Knicks Fix

  • Monday, June 30, 2014

    The Knicks Fix: JACKSON LAYS OUT THE NEW PHIL-OSOPHY

    Alacrity.

    That’s one of several words that Phil Jackson used to describe the attitude he is seeking from players as he embarks on revamping the roster. Alacrity describes an eagerness, a readiness and, most importantly, a willingness to play the game the right way.

    Jackson brought in Jose Calderon, whom he says will “fit into what we’re trying to do” on the court, mainly on offense. There are reports that say the Knicks may attempt to target Pau Gasol, an unrestricted free agent who, at 33, is still considered one of the best passing big men in the game.

    Gasol struggled with his game after Jackson and his philosophy left the Lakers, so a move to New York may be appealing to him. The hang-up of course is how the Knicks are restricted in what they may offer him because they are over the salary cap. But they could work a sign-and-trade in this scenario if the Lakers are willing. Gasol made $19.2 million last season and if he is looking to stay above $10 million, it could be an extremely difficult deal to make for both sides.

    The Knicks have their mid-level exception to offer, but not much else unless it comes by way of a trade, to make upgrades to the roster. Their target area likely will be modest as they try to protect as much of the cap space awaiting in 2015 when two major contracts – Amar’e Stoudemire and Andrea Bargnani – melt off the payroll.

    But Jackson did say he may be more aggressive this summer to add a free agent if something develops via trade.

     “We have many handicaps obviously with our salary cap being what it is,” he said. “But, you know, there’s always a possibility. We’re not going to rule ourselves out of any [situation] that could put us in the chance to really do something special.”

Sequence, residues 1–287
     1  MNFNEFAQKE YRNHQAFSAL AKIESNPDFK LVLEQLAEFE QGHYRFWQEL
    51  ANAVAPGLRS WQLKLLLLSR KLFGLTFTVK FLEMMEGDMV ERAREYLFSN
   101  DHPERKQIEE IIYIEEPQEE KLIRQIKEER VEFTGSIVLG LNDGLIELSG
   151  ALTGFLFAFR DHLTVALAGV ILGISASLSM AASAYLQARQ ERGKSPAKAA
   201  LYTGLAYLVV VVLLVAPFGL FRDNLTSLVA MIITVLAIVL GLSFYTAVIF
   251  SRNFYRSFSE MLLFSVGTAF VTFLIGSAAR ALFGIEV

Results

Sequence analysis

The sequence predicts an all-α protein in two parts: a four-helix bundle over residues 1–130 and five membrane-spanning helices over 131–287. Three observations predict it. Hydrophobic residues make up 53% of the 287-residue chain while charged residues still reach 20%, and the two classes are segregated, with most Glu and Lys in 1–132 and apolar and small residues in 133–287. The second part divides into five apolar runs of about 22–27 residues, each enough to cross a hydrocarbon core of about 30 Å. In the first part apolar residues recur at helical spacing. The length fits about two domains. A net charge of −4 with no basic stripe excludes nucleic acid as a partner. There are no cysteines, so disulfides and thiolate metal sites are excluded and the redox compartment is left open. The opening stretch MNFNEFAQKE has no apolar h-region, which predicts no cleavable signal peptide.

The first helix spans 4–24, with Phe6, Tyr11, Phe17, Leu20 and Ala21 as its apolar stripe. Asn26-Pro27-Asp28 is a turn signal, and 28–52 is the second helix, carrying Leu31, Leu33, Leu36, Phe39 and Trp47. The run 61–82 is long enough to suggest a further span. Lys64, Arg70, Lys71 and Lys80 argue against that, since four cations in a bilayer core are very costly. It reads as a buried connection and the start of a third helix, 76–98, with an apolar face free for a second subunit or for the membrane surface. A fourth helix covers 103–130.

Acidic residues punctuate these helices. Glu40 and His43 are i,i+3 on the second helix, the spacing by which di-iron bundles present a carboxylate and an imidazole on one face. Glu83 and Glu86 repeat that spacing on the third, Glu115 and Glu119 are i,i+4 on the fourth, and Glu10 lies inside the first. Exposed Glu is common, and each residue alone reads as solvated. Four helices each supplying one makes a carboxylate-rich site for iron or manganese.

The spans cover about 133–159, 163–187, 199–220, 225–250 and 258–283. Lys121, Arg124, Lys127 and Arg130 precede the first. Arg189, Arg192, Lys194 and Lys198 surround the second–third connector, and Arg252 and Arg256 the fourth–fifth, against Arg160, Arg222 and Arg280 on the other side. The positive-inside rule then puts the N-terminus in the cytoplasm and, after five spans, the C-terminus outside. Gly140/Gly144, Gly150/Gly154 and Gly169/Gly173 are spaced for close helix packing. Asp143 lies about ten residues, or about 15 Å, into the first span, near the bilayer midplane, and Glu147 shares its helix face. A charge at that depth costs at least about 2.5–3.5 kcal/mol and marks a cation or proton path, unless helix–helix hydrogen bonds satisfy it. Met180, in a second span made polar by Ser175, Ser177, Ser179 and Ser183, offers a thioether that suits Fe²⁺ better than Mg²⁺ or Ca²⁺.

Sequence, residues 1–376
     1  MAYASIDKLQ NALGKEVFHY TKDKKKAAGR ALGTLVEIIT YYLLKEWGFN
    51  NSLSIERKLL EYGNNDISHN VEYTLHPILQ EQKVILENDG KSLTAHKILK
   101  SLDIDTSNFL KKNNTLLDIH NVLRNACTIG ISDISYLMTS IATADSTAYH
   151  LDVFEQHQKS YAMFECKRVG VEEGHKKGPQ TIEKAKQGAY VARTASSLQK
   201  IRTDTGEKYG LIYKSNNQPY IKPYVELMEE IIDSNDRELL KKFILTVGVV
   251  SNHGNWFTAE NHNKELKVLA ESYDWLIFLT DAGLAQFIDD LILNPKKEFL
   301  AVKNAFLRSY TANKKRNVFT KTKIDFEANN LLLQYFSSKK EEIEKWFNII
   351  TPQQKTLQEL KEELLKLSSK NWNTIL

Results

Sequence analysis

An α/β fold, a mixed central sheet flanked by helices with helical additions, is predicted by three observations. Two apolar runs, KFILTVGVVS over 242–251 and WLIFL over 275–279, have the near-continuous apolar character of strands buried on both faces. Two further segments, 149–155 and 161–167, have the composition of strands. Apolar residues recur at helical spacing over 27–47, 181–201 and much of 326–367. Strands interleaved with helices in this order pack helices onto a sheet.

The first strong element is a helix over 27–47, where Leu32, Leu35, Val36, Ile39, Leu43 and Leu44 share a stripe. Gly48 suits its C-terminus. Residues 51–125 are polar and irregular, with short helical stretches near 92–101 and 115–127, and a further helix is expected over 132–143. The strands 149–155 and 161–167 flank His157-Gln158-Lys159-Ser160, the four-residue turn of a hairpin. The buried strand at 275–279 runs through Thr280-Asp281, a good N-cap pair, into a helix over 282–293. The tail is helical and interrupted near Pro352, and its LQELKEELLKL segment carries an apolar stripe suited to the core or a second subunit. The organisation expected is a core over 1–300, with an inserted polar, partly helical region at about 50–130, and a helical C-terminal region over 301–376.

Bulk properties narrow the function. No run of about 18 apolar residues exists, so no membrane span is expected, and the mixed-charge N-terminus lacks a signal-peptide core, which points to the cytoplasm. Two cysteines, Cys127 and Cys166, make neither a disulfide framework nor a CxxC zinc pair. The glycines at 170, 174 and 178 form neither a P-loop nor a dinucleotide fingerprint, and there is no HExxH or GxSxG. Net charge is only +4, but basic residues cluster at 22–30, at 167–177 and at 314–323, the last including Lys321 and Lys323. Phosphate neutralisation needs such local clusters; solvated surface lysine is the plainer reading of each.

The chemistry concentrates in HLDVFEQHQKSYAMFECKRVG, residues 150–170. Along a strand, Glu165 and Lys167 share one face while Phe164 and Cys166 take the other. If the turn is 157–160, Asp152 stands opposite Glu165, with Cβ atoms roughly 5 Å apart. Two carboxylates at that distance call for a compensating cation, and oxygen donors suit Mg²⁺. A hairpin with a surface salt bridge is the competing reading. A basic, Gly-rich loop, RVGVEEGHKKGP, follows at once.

Might that be Gasol?

    Free agency officially begins at 12:01 a.m. ET July 1 and a lot of teams begin business on the West Coast (9:01 p.m. PT on June 30). Primarily, Jackson and the Knicks have one of the biggest names in free agency to deal with in Carmelo Anthony, but there is work to be done in other areas to make sure Melo sees the progression of Jackson’s plan.

    Reports say Melo will begin free agency on Tuesday, talking to the Bulls in Chicago. He will then head to Texas on Wednesday to chat with the Mavericks and the Rockets, which I would file under “Due Diligence.” Reports say he will also talk to the Lakers in Los Angeles sometime next week.

    Why wait until next week? The free agency signing moratorium lifts on July 10. That is when teams can officially sign free agents. It is also the day before the NBA Summer League begins in Las Vegas.

    Melo has met with Jackson and coach Derek Fisher on several occasions already and Jackson has maintained personal communication with Melo as well.

    “We have every confidence that Carmelo is good for what his word is, that he wants to be in New York, that he likes playing in New York,” Jackson said. “He wants to compete, he wants to be part of a playoff team that’s bound and competitive towards a championship.”